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Hydrodynamic instabilties and modern artistic painting

Presented by: 
Roberto Zenit Universidad Nacional Autonoma de Mexico (UNAM)
Tuesday 28th November 2017 - 13:30 to 14:10
INI Seminar Room 1
Co-author: Sandra Zetina (Universidad Nacional Autonoma de Mexico)

Painting is a fluid mechanical process. The action of covering a solid surface with a layer of a viscous fluid is one of the most common human activities; virtually all manmade surfaces are covered with a layer of fluid, which eventually cures and solidifies, to provide protection against the environment or simply for decoration. The process of applying layer of fluid of uniform thickness on a surface has been vastly studied and it is well understood. In the case of artistic painting, the objective is different. Painters learn how to manipulate the fluid, through lengthy empirical testing of the action and the physical properties of the fluids, to create textures that can be used to create patterns and compositions of aesthetic value. In other words, artists aim to create non uniform paint coatings, produced at will and in a controlled manner. It has been recently identified that, for the case of modern artistic painting, one successful way to create such patterns is by provo king hydrodynamic instabilities in a controlled manner. In this presentation we analyze several particular cases used by notable modern artists in their works: David A. Siqueiros used the Rayleigh-Taylor instability for his ‘accidental painting’ technique; Jackson Pollock learned to control the curling instability of viscous filaments in his dripping technique; Max Ernst used the Saffman-Taylor instability to paint with decalcomanias, etc. Furthermore, we analyze other modern painting techniques and their relation with modern and very active fluid mechanics areas of research. We also discuss the importance of the properties of modern materials and how their evolution could have influenced the emergence of new artistic painting techniques. The aim of this investigation is to create an explicit relation between the body of knowledge of modern fluid mechanics and those of art history and conservation.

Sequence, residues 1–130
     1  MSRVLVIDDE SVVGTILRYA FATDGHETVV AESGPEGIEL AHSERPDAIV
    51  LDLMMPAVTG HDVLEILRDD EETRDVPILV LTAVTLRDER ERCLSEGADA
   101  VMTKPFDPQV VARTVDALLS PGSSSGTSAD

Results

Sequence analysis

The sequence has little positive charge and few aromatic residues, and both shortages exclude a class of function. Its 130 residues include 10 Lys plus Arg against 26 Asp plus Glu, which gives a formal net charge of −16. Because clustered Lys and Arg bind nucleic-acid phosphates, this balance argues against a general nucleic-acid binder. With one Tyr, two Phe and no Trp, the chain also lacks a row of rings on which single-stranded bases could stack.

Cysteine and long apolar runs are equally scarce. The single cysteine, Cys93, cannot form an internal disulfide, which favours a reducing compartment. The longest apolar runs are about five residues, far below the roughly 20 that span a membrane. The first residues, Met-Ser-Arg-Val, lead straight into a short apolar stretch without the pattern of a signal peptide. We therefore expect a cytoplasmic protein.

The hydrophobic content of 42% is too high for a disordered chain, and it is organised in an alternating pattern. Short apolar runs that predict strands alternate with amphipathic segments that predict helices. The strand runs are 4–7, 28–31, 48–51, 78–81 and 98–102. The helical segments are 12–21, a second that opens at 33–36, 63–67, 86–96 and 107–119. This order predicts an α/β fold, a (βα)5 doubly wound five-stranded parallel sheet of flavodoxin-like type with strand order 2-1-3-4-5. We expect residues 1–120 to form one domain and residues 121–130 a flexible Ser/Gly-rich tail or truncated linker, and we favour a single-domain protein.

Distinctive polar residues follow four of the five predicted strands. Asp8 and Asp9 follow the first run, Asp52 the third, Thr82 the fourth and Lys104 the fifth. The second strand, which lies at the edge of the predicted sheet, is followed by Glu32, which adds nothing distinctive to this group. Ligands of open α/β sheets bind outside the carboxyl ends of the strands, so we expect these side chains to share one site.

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    Clay Mathematics Institute London Mathematical Society NM Rothschild and Sons